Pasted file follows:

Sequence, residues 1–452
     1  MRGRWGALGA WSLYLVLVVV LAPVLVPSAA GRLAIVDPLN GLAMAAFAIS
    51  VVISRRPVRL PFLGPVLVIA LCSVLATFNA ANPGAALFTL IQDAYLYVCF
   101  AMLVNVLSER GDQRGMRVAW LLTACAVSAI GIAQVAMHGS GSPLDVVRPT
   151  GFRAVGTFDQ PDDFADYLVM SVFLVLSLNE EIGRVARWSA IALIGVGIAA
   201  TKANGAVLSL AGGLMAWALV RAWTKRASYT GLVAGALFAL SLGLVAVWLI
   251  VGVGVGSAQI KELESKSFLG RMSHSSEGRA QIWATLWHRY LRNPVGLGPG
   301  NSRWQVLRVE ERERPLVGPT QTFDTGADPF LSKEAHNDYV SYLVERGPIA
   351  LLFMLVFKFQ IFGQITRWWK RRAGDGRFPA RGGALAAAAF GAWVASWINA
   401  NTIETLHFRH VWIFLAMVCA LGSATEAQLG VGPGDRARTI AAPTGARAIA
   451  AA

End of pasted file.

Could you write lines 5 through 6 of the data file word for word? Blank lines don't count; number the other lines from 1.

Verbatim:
   151  GFRAVGTFDQ PDDFADYLVM SVFLVLSLNE EIGRVARWSA IALIGVGIAA
   201  TKANGAVLSL AGGLMAWALV RAWTKRASYT GLVAGALFAL SLGLVAVWLI